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How Options Could Help Solve the Retirement Crisis

The Chicago Board Options Exchange was founded in 1973.

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Courtesy of National Archives and Records Administration

The U.S. options industry is approaching a milestone. On April 26, the industry will celebrate its 50th anniversary.

During the past five decades, options have evolved from a curiosity—traded by a few pioneering souls with great math skills in the old smoking lounge at the Chicago Board of Trade—into one of the world’s most important markets. At last count, 16 U.S. options exchanges belonged to the Options Clearing Corp., which issues and settles all options contracts.

The growth in trading volume has been astounding. In 2000, it was remarkable if a million contracts traded on a given day. Now, 45 million contracts a day often trade, and it is treated as a natural occurrence.

Still, the activity is often misunderstood. A lot of the trading volume growth reflects institutional investors using options to reshape portfolio risk and returns.

Unfortunately, the options industry has helped advance the perception that puts and calls are suitable only for aggressive speculation by introducing more options that expire in extremely short times. The short-term options-trading mania generates profits for exchanges and trading firms, but at the cost of fostering misperceptions.

The investment industry—financial advisors, institutional consultants, family offices, and pensions—is struggling to understand how best to use options. A solution may soon emerge.
Cboe Global Markets
(ticker: CBOE), which launched the first U.S. options exchange in 1973, is planning 50th anniversary galas in major cities. The gatherings could spark the next generation of growth. The timing is opportune.

Demographic trends, coupled with a growing need for income to fund underfunded retirements, are a major issue in the U.S. and many other countries.

People are living longer than expected. They risk running out of money. They might get lucky and capture another multidecade bull market—or not.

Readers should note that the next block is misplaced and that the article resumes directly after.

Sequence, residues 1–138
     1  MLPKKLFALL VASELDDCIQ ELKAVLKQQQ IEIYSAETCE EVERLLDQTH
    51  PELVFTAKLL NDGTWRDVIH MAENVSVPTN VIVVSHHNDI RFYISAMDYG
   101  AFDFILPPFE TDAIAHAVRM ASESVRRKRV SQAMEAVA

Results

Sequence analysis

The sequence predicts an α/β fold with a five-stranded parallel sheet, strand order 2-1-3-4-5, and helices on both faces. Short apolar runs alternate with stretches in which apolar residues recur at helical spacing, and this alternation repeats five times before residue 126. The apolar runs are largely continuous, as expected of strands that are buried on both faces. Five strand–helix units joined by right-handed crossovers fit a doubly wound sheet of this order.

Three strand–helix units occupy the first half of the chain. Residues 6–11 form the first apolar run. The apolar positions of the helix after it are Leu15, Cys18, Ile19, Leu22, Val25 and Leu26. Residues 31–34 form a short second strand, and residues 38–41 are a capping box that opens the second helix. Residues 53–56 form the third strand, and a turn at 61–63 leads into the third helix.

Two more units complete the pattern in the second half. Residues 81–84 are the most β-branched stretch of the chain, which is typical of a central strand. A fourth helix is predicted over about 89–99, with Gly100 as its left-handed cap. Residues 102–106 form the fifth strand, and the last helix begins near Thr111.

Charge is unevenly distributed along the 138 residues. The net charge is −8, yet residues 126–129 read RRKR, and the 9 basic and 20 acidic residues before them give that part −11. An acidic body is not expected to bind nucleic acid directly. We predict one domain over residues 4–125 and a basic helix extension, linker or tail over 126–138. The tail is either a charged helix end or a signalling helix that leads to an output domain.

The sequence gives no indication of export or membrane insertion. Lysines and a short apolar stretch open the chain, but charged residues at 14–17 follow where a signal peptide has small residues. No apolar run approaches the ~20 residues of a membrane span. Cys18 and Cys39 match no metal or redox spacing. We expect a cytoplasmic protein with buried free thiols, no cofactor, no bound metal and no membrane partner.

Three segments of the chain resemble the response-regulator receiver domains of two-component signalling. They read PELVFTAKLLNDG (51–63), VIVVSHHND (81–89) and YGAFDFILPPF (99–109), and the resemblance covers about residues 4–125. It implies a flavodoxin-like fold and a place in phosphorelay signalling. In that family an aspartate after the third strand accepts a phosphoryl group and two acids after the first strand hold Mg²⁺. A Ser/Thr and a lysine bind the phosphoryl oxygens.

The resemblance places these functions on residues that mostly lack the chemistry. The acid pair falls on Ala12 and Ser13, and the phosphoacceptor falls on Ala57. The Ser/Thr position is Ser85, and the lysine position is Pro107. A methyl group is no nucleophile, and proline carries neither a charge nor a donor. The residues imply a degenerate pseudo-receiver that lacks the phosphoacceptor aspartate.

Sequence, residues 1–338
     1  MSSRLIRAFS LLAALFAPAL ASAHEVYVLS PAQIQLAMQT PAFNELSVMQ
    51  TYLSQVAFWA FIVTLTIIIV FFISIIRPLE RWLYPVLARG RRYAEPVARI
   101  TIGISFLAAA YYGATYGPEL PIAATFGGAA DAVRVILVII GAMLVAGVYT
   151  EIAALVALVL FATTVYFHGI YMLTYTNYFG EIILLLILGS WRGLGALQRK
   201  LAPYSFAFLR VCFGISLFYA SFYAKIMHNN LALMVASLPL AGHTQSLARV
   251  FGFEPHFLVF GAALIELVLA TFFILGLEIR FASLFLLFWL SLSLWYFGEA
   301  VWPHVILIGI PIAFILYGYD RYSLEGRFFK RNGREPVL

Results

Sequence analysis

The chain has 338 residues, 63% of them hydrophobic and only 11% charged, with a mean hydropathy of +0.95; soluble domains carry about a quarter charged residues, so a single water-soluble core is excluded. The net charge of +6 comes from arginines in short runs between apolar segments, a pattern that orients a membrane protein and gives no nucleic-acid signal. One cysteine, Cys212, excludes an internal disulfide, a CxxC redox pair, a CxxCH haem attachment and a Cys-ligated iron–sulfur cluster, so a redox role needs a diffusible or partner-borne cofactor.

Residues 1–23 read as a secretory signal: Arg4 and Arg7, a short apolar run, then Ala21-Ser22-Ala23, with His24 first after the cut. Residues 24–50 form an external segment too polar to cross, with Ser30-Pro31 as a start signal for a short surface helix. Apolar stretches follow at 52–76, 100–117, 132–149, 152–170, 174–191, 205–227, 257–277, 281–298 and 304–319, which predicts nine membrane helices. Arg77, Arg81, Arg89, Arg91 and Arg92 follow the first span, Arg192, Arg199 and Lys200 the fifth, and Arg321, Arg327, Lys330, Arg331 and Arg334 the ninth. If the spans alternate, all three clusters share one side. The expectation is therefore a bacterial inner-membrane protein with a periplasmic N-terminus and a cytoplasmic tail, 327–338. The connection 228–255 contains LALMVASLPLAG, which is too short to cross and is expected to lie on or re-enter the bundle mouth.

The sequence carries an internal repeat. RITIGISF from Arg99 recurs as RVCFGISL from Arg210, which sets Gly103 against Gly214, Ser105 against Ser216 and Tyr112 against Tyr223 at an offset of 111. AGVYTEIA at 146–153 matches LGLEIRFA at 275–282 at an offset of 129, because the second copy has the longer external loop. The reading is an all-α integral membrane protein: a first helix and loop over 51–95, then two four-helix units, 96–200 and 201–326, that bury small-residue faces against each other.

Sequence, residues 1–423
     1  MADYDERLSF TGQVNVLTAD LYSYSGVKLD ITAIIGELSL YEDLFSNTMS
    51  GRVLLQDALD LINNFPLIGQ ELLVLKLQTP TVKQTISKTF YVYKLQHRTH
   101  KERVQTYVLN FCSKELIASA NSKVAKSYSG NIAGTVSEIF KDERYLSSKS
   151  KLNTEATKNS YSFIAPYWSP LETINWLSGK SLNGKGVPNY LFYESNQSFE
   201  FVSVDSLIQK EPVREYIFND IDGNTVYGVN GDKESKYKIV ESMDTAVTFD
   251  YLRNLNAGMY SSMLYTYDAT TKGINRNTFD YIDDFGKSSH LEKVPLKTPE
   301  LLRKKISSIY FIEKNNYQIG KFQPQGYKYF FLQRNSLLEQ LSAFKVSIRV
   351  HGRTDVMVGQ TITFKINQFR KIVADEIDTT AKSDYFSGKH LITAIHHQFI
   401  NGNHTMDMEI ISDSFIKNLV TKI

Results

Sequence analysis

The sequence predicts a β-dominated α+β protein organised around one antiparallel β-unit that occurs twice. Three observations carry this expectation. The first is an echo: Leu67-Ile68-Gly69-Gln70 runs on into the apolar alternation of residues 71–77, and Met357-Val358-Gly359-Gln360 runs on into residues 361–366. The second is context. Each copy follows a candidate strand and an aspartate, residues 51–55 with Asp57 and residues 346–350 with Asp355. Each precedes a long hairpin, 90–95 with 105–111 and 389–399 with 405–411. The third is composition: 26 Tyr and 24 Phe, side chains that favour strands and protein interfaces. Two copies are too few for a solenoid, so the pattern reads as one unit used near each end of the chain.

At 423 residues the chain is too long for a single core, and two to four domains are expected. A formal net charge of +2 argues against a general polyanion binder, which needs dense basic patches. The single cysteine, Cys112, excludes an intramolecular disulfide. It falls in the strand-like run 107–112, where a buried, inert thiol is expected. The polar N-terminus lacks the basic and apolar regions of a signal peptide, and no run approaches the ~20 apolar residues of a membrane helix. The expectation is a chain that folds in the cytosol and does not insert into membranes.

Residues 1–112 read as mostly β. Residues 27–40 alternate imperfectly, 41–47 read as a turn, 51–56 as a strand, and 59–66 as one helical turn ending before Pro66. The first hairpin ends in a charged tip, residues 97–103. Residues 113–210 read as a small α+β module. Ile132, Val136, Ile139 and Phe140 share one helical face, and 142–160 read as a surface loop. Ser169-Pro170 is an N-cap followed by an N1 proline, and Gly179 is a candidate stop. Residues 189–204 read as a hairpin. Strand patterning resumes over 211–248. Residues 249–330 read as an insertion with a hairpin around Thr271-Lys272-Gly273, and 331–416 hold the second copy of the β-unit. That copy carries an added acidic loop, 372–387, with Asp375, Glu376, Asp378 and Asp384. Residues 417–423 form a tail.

The need to augment traditional portfolio allocations of stocks and bonds creates an opportunity for the options industry to demonstrate the value of simple, conservative strategies like selling call options on blue-chip stocks, also called the covered-call strategy. It entails selling a call on a stock you own with a strike price about 10% higher than the associated stock price.

This allows investors to receive a payment that often compares favorably with common stock dividends, making this an ideal strategy for income-hungry retirees.

The amount of money that could be generated with the covered-call strategy might even satisfy the annual required minimum distributions that retirees take each year. The strategy should be able to increase stock returns by 2% to 4%. Other than limiting your gains if the stock rises above the strike price, the risks are minimal.

But this simple idea requires thought and action on matters many people prefer to avoid or outsource. And the active management of passive investments runs counter to how the investment industry wants people to manage their affairs.

Here’s a prediction in the form of a challenge for the industry: Major exchanges have evolved into large public companies focused on increasing trading volumes to satiate institutional investors’ demand for ever better short-term financial results. They need to embrace something larger than their immediate financial self-interest.

Statesmanlike leadership and intense competition made the industry successful, and they could contribute to an even more prosperous next 50 years if investors, big and small, begin to understand that conservative options strategies can do a lot to enhance investor portfolios.

Steven M. Sears is the president and chief operating officer of Options Solutions, a specialized asset-management firm. Neither he nor the firm has a position in the options or underlying securities mentioned in this column.



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